About twelve months ago I did an article warning about the use of permitted development rights and, most importantly, whether a proposal was permitted development in the first place.  In my opinion, for those not familiar with planning, permitted development is one of the most commonly misunderstood areas of planning (second only to Green Belt versus greenfield…).

There is a very common misunderstanding that permitted development means you can just get on and build.  In some, limited, cases this may be true from a planning perspective.  Despite this, even if your proposal is truly permitted development (for example a simple 3m extension on a semi-detached house) it does not mean that matters such as building regulations can be overlooked.  Building regulations are a separate matter which require a separate application via Building Control.

Some of the larger or newer permitted development rights are subject to a prior approval/notification application process which must be done prior to commencing development.  These do require assessment of matters which, albeit more limited than a full policy based assessment, does mean that approval is not automatic or guaranteed.  Even if your proposal was acceptable in all regards, and qualified with the permitted development conditions, if you start it before receiving prior approval where required the proposal can no longer be considered via this route as it would fail the qualification requirement of prior approval being sought before commencing.  A full (householder) application would be required to try to regularise the build.

In considering whether your proposal is permitted development, as I have said before, it is also worth considering what the previous owner of your property has done.  Whilst you may not have extended your home, the previous occupier may have and the limits for householder extensions are based upon the original dwellinghouse which is defined as the how the house stood when it was first built or as it stood on 1 July 1948 (if built before that date).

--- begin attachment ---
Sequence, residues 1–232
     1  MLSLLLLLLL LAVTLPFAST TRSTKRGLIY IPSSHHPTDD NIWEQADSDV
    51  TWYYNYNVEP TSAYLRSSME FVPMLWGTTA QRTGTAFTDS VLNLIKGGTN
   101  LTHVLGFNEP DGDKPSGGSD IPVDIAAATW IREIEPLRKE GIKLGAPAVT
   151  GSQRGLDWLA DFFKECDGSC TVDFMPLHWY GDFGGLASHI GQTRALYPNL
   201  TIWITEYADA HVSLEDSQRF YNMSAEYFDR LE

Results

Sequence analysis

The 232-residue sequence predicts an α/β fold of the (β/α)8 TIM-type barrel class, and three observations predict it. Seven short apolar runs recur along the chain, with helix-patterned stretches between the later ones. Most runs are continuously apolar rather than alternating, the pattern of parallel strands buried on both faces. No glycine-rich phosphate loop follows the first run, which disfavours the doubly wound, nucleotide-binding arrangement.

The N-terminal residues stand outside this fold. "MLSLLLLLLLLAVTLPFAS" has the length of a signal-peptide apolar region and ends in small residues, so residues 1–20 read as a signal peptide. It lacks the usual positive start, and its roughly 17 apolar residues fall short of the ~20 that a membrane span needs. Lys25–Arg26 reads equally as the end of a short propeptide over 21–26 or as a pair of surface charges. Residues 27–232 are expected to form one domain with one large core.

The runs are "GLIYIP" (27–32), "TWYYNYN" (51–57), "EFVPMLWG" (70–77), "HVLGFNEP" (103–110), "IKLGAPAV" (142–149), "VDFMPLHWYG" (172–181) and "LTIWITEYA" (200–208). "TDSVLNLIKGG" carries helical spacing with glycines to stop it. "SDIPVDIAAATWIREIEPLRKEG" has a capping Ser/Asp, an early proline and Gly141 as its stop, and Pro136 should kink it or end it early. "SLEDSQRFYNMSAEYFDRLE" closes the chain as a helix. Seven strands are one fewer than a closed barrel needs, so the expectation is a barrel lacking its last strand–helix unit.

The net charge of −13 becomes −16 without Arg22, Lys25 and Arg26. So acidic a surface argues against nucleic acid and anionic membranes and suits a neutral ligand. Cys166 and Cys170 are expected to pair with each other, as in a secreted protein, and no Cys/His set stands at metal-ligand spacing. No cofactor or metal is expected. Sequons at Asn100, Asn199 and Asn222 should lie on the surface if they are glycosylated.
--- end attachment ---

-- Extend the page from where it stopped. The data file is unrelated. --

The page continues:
Assuming your project is permitted development, and there is no requirement for a prior notification, it is still worth considering applying for a Certificate of Lawfulness confirming that your development is legal in planning terms (i.e. that it is permitted development).  This piece of paper is relatively easily to obtain and may save headaches and/or the need for indemnities at a later date in the event you sell your property or asset.  It certainly makes the life of your Conveyancer a lot easier.

So to summarise very broadly:

  • Check whether the property benefits from permitted development rights to start with;
  • Check the planning history and/or property itself for evidence of previous extensions to establish the starting point for the “original” dwellinghouse;
  • Consider whether your proposal is permitted development and whether this can be constructed with or without prior approval;
  • If you don’t require prior approval, consider a certificate of lawfulness to check and certify your proposal is permitted development;
  • All routes will require a separate Building Control application for building regulations.

It really is, therefore, key that you establish exactly what is required for your proposal well in advance and this can usually be established fairly quickly through a quick chat and check of the relevant facts.  Such checks can save you a lot of time and money and ensure you take the quickest and most simple route to achieving the extra space you desire.

From April I will be setting aside time in my diary most weeks for initial “mini chats” which would be useful for starting to establish matters such as this and flag up points for consideration.  If you think one of these would be useful for your proposals (whatever this may be!) email me via the details on the contact page and I will schedule you in!